What is Behavioral Finance? And why should we study it?

The 2017 Nobel Prize in Economics was given to Richard Thaler because his contributions have built a bridge between the economic and psychological analyses of individual decision-making. His empirical findings and theoretical insights have been instrumental in creating the new and rapidly expanding field of behavioral economics.”

Evolution of Behavioural Finance

Following the work of Richard Thaler, Daniel Kahneman, Amos Tversky and others a new branch of Economics was born. Although the use of behavioral factors in explaining individual and collective choice is not new, work by Thaler and others was responsible in formalizing the discipline. Some of the leading economists from the 18th to the first half of the 20th century such as Adam Smith, John Maynard Keynes and Irving Fisher had already brought aspects of human psychology and behavior into their writings. However, the rational expectations revolution of the second half of the 20th century made almost everyone believe in the rational optimization behavior of agents which dominated the economics and finance field.

What is behavioral finance? What do they contribute to our understanding of financial markets? These questions are perhaps best understood by some examples:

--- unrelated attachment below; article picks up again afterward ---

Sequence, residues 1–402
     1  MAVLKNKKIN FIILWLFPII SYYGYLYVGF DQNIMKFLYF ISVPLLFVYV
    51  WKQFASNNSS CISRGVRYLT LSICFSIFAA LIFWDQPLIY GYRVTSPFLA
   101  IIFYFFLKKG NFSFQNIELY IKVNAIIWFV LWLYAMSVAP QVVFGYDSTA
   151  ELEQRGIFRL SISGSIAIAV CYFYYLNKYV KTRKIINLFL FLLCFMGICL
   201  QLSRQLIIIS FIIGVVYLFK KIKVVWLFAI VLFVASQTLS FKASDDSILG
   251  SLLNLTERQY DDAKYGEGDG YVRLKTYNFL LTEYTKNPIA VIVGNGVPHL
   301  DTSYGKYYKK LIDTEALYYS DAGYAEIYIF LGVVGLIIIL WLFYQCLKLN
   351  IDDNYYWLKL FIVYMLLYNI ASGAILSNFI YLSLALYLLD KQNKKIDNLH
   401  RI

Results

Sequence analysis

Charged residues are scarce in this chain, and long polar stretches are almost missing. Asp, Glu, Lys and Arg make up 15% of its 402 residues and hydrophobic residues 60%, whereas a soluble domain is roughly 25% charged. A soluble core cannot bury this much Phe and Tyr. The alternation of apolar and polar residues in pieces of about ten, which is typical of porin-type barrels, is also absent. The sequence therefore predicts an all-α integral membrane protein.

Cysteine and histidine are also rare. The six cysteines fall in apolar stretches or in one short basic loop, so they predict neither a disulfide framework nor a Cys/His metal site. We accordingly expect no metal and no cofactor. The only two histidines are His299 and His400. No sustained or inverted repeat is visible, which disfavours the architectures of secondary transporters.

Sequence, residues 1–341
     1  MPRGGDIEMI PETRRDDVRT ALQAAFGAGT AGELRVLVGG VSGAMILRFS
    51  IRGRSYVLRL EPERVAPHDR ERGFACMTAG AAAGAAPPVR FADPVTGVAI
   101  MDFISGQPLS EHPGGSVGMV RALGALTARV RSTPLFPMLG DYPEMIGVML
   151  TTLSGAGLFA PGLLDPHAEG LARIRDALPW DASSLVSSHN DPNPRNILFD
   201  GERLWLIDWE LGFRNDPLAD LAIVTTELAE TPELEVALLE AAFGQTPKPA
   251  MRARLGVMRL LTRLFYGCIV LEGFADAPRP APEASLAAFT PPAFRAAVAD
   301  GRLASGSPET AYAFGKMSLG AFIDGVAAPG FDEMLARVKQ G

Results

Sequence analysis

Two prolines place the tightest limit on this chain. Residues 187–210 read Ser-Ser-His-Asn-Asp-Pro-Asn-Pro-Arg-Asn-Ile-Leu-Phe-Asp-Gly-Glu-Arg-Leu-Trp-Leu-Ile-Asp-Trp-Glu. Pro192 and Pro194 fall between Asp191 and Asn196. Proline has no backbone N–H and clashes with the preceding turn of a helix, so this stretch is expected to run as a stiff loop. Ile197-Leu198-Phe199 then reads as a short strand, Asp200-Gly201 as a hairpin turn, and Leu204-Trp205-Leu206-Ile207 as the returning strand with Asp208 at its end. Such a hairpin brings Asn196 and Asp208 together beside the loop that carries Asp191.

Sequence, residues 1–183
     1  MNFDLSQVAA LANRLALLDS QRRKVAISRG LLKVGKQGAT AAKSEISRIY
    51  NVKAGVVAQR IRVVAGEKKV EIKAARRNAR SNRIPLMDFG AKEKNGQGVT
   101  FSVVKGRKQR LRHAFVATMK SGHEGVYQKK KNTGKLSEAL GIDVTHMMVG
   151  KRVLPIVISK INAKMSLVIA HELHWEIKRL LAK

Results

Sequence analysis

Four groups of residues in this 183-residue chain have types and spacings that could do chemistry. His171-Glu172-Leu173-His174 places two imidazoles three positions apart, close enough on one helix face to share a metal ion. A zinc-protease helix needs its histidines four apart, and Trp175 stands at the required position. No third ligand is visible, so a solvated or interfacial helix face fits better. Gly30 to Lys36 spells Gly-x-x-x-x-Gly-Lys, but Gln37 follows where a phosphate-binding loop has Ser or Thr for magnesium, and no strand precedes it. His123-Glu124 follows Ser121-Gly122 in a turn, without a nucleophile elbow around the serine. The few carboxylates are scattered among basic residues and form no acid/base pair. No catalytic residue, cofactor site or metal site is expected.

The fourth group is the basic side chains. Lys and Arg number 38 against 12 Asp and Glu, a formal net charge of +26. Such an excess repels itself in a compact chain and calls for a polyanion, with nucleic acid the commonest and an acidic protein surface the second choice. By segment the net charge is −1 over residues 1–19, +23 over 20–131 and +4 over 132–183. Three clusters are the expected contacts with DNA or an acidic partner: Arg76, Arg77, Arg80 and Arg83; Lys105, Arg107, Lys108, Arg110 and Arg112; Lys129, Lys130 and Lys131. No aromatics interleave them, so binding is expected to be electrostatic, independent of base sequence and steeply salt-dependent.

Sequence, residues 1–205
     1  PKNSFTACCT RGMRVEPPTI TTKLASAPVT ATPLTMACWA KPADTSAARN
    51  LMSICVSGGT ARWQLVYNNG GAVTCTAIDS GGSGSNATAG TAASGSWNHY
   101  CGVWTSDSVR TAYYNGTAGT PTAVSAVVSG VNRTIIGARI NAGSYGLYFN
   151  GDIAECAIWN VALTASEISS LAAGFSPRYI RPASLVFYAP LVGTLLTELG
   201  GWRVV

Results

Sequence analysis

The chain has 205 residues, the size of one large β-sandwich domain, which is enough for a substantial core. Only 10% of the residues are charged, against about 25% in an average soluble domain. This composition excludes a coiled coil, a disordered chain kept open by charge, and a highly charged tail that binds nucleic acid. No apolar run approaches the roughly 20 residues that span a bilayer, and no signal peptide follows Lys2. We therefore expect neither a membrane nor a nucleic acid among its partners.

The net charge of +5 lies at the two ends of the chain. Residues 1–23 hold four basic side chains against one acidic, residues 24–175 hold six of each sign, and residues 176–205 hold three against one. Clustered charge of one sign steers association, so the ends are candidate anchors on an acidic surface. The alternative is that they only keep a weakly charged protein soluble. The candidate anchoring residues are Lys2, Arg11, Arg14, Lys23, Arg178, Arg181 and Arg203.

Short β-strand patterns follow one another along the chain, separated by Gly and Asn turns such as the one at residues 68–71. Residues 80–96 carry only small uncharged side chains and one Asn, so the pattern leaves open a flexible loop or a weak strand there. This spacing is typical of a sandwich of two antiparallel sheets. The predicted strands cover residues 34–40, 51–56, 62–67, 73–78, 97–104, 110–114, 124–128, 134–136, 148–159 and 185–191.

Thaler was a graduate student at the University of Rochester in the early 1970s. He was working on a dissertation on the value of human life when one day he decided to conduct some surveys and stumbled upon one of the fundamental results in behavioral economics known as the ‘endowment effect’:  in his survey participants were asked how much they would be willing to pay to reduce their probability of dying over the next year by 0.001. He also asked them how much they would need to be paid in order to accept an 0.001 increase in this probability.        

After collecting this data, Thaler noticed something curious: the amount people were willing to pay to reduce their probability of dying was much lower than the amount they required in order to accept an increase in this probability, even though traditional economic theory predicted that the two quantities would be roughly equal.

This resulted in the ‘endowment effect’ literature where the amount people are willing to pay for an object of economic value is much lower than the amount they are willing to accept in order to give the object up.

Such theories where the psychology of the human brain is brought in to explain behavioural anomalies in human and market behaviour has led to the birth of and Behavioural Finance. There are many factors that go into decision making apart from selfish rationalism. These include cognitive, cultural, psychological, emotional and social factors. Some of the theories that have been developed following the pioneering work of Thaler are: nudge theory, bounded rationality, prospect theory, herd behaviour etc.

Why study Behavioral Finance?

The main difference between traditional finance and behavioral finance is the fact that traditional finance theories require the assumption that agents are rational. This is equivalent to assuming that no other factors apart from their narrow self-interest and rationality affect their behavior. While rationality is a sensible thing to assume, surely the decisions that agents take with regard to finance are affected by their culture, emptions, social norms and psychological/cognitive factors.